In the aftermath of the Sept. 11, 2001, terrorist attacks and the ensuing lethargic economy, business dropped. Bartender Julie A. Mellini, who usually worked two nights a week, was down to one. “It had slowed down,” she said.
The Derderians were feeling the economic pinch. In divorce papers filed in Family Court, Michael Derderian said he was selling stock last June to meet “various margin calls as well as household expenses.” His estranged wife wanted the nightclub sold so she could make ends meet. She said her husband had told her the nightclub had been operating at a loss, the divorce records state.
Still, the Derderian brothers - who alternated weekend work at the club - plugged away. They put up new televisions for Sunday night football. “It didn’t really work out,” Beese said.
They hosted karaoke nights. They experimented briefly with an evening of acoustic music. They tried a night of sumo wrestling in which patrons would don heavily padded suits before entering the ring for clumsy battle. It was a flop.
Rock ‘n’ roll was The Station’s currency. But it was not bringing in enough money. The Derderians began to look harder for places to save money.
They let their contract with the company that checked their fire alarm lapse, failing to pay $120 for an annual inspection. They paid their bartenders under the table, club employees said, and never provided workers’ compensation insurance.
When Jeffrey Derderian signed a $5,000 contract on Dec. 20, 2002, to bring Great White to the club, there was a buzz on Cowesett Avenue that a national act was headed for West Warwick. “It was a big deal because we hadn’t done many nationals recently,” Vanner said.
The Derderians promoted the show heavily. Apparently tired of long hours and dwindling returns, they were simultaneously seeking to sell the place. Jeff wanted to spend more time with his family. Michael was dabbling in other business ventures, promoting concerts and trying to open a car wash.
And a successful show could hardly hurt negotiations between prospective buyers and two brothers who had had enough of running a rock club.
If Great White stirred anticipation and appreciation among some hardbitten rock ‘n’ roll fans, their music was an acquired taste. A 1991 Globe review dubbed the group “a band without a clue.”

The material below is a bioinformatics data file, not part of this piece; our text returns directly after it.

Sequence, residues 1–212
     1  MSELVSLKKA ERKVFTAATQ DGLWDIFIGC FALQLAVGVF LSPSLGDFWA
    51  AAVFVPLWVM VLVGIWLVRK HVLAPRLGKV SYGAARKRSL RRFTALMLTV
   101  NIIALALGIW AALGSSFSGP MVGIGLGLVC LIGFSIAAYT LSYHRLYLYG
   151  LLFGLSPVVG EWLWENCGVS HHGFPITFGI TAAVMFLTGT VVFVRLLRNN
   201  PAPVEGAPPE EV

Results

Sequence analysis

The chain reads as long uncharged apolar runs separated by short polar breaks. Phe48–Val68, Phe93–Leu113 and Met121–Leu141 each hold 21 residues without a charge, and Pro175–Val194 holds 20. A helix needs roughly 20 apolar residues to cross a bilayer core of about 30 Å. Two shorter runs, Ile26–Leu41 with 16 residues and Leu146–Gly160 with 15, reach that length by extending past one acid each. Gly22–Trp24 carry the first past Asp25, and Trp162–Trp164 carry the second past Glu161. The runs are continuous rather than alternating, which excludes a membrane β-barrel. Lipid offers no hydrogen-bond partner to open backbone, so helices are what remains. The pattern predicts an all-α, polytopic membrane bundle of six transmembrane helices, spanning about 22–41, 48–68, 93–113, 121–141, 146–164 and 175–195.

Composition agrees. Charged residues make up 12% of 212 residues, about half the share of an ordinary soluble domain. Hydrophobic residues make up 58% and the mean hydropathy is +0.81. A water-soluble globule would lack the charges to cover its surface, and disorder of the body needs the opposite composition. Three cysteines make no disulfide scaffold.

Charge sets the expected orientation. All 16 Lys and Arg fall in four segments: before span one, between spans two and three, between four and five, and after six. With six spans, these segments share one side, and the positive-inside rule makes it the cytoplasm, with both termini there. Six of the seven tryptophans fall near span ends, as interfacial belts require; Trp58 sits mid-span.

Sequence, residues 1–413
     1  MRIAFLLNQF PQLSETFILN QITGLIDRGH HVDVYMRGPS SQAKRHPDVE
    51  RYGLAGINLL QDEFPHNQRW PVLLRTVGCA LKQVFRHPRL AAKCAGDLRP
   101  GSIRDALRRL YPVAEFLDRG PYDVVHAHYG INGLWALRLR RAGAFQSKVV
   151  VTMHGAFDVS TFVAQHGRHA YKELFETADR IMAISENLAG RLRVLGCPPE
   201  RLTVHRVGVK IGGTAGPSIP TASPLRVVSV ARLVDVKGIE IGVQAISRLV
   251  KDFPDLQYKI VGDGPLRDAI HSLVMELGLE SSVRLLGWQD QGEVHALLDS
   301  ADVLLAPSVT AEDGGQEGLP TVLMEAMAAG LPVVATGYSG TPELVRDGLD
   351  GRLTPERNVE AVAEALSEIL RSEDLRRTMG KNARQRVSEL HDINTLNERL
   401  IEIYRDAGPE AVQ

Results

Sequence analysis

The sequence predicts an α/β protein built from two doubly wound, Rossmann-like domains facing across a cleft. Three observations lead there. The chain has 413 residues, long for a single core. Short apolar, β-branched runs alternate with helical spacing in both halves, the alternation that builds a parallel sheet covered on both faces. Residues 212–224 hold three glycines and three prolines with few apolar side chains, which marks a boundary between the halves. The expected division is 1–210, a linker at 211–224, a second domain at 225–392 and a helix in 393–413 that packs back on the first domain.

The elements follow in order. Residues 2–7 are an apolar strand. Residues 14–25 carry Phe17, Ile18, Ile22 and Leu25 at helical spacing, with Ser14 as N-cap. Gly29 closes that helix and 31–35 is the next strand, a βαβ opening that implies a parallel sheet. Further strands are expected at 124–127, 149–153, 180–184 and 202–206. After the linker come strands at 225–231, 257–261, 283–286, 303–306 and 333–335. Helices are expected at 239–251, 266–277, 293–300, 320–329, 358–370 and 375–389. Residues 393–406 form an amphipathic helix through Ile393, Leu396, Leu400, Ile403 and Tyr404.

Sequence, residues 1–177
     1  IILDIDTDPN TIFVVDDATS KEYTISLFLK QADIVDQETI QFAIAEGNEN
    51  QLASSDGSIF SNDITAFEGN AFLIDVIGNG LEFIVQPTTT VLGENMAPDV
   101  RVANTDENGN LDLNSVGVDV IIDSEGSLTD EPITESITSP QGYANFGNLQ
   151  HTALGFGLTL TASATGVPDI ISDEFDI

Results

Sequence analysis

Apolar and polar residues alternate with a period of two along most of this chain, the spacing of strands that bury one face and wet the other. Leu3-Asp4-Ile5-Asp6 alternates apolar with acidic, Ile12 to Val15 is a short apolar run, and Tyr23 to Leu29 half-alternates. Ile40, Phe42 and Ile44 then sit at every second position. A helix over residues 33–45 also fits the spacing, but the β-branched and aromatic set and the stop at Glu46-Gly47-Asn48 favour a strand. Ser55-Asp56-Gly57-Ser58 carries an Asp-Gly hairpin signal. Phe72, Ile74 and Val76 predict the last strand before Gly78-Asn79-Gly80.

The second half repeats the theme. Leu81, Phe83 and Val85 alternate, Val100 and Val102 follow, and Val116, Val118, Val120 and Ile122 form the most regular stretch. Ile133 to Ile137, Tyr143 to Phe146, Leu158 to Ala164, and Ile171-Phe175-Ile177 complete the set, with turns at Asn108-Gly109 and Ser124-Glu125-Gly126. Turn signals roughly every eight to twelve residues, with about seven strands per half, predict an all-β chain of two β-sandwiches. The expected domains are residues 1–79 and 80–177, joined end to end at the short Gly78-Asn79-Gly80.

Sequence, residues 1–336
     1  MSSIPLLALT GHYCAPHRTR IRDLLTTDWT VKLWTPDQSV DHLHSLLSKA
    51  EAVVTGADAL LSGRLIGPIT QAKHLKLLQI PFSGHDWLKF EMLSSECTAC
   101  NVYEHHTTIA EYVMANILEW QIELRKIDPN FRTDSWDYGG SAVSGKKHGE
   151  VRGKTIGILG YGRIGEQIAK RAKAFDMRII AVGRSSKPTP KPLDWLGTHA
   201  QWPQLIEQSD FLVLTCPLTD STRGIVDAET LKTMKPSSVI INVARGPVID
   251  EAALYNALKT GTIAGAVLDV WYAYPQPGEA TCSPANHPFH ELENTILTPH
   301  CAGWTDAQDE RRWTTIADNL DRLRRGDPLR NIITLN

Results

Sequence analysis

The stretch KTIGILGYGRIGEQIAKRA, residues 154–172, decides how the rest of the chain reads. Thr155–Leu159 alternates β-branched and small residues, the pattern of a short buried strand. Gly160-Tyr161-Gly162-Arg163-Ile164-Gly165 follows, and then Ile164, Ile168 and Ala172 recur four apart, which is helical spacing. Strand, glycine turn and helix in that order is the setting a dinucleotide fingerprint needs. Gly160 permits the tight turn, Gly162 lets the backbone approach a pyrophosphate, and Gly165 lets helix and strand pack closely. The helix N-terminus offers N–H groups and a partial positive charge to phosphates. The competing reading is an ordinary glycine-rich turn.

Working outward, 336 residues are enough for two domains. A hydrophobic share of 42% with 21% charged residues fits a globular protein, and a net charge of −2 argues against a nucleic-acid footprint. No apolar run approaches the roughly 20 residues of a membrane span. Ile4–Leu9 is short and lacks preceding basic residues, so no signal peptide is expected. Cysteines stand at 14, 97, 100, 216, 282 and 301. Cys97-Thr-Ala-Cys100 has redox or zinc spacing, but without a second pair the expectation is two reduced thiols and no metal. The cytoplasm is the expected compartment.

The band’s signature song, a cover of Ian Hunter’s “Once Bitten, Twice Shy,” was featured on a 1989 album that sold more than 2 million copies and earned the group a Grammy nomination. But the group’s “hair metal” heyday was a distant memory by the time the group embarked on its 2003 tour. Great White had traded large arenas for small, smoky barrooms.
The group’s hotel of choice, when there was one at all, was more likely a Motel Six than the Marriott. Typically, the members slept on the tour bus and rented a single room in which to shower and freshen up before concerts.
But lead singer Jack Russell, who founded the band in Southern California in 1978, could still belt out hell-raising lyrics about love and lust, betrayal and redemption. The graying rock ‘n’ roll rebel even found fans born during the Reagan administration.
Two DJs at Nichols College in Dudley, Mass., Michael R. Ricardi and James C. Gahan IV, were big fans. They had seen Russell perform solo last year at Leominster’s Club Liquid and were eager to see him back fronting his old group.
From their college dorm rooms, the hosts of WNRC’s “Jim and Mikey’s Power Hour” pressed Great White’s manager for an interview and were mildly surprised when it was granted.
“They’ve been out of their prime for like 10 years now, so they don’t really get interview requests that much anymore,” Ricardi, 19, said. “So maybe they’re thinking, `Hey, we’ll take anything we can get.’ “
On Thursday, Feb. 20, Ricardi and 21-year-old Gahan - two buddies linked by mutual passion for heavy-metal music - drove south for West Warwick and a darkened nightclub where a white tour bus purred out front.
By 7 p.m., they were seated on the custom coach across from Russell, who wore a bandana and a world-weary smile.
“I don’t do this to make money,” Russell told his two young fans, according to a videotape of the interview supplied to the Globe. “I don’t need the money right now. I do this because I love playing for people. I love going out there and see people smile, you know? And have a good time and enjoy themselves and forget the crappiness of the world around them right now, you know?”
After the interview, Ricardi and Gahan walked back into The Station, accepting the free passes that the band had given them. Gahan had an early class the next morning, but the hosts of WNRC’s rock show decided to stay for Great White.
As patrons began to fill the old roadhouse, and opening acts took the stage, The Station began to resonate with the thump and pump of rock `n’ roll.
With eyes on the stage, no one focused on flammable foam, or flawed exits, or the empty fire-extinguisher wall bracket.
Then, just after 11 p.m. on Feb. 20, the lights went down. And as electric guitars wailed, a bright fountain of fireworks erupted on the old roadhouse’s well-padded stage.